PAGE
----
The music in your bones

Watercolor color study
Watercolor color study

Last night after the session wound up, after the last Irish jig and reel danced out across the floor, after the last polka whirled by and the last hornpipe bobbed out for the night, after the flutes were swabbed  clean and the fiddles wrapped and stowed in their cases., we musicians fell to talking a bit about Irish music.

We talked about how we came to this old and eccentric style of music in this land of pop melody and commercial jingles. Nearly every person at that party came into the music during a crisis in their life (many of us, it seemed, found it while ending a bad relationship). We found solace in the music, friendship in our instrument. “When I feel down or troubled,” C. said, “I tell it to my fiddle.”

How well I know that type of long conversation with my flute.

Not everyone who comes to Irish music is an emotional refugee looking for comfort. Some are lucky enough to have been born into the music, and wise enough to continue playing their legacy. Others just enjoy the intellectual exercise of learning stacks of tunes. And most of us love the camaraderie and community that comes from playing this music with others.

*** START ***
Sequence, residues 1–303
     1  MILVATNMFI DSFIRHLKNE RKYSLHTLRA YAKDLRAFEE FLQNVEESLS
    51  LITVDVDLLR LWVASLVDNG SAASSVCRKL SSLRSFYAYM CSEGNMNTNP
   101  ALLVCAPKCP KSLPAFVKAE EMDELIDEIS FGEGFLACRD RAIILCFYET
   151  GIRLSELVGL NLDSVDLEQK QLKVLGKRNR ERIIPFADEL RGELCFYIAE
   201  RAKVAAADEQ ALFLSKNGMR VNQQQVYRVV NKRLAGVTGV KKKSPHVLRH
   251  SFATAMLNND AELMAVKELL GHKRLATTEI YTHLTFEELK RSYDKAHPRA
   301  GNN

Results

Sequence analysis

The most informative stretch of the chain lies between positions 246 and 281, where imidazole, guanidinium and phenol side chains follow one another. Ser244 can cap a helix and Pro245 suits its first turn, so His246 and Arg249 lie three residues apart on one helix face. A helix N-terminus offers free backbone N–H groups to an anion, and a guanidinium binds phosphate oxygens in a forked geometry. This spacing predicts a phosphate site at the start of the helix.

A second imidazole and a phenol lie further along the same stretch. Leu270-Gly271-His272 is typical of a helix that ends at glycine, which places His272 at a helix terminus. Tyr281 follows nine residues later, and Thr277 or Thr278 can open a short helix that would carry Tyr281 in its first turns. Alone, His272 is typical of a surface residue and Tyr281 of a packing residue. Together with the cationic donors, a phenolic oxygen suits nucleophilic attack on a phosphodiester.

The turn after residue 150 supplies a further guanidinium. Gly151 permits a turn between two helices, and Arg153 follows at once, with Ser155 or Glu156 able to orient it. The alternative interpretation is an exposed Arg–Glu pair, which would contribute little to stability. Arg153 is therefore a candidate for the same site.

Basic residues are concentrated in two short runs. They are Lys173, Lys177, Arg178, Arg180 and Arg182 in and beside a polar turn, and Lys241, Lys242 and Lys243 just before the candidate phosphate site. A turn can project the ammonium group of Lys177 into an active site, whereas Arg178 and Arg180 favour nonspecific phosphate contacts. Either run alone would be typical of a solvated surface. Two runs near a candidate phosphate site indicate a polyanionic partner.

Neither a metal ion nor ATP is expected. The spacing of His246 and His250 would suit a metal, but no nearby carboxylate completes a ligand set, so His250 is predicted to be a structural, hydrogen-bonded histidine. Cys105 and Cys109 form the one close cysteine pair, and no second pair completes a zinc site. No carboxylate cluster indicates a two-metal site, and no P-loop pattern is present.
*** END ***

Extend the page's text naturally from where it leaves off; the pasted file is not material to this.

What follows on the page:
But I’d wager that for lots of musicians, the music is more importantly a place of comfort and safety. The familiar tunes are like favorite stories  we tell ourselves when we’re happy, scared, bored, or sad.

No matter our level of competence, just to sit quietly by ourselves and play this music is to have a relationship with the tunes and with our instruments that is as deep and serious as our relationships with our spouses, our children, our parents.  I guess because ultimately, it’s a relationship with ourselves.

Study of a flute player

Girl playing flute Graphite value study
Girl playing flute
© 2009 Margaret Sloan
Graphite value study

I met this lovely young woman at Friday Harbor Irish Music Camp. She had a boxwood flute that had bent as it aged, but it sounded lovely.

One day while we were in class, the rain and snow stopped, the sky cleared, and the sun streamed through the windows. Sitting in a shaft of sunlight, the young woman glowed as she practiced her tune. I snapped a photo quickly. There was no time to fool around if I wanted to capture the naturalness in her posture. Youth is a time of great beauty, but also great self consciousness.

I’ve come to understand the importance of doing value studies before beginning a painting. Steve Curl, my watercolor teacher, told me that when I was designing the value study I shouldn’t focus on the details. Instead, he said, look for the large shapes of light and dark; I did, and it made all the difference.

I’ve already practiced painting hands playing the flute, so I should be in good shape for her hands.

Finally! It doesn’t take this long to play the tune!

Trim the Velvet <p>Watercolor</p> <p> Copyright Margaret Sloan 2009
Trim the Velvet
Copyright Margaret Sloan 2009

This week I painted my final version of William Bajzek’s hands playing flute. I think I’ve painted about 12 versions of this; I’m happiest with this last version, although I also like the earlier version I posted in February.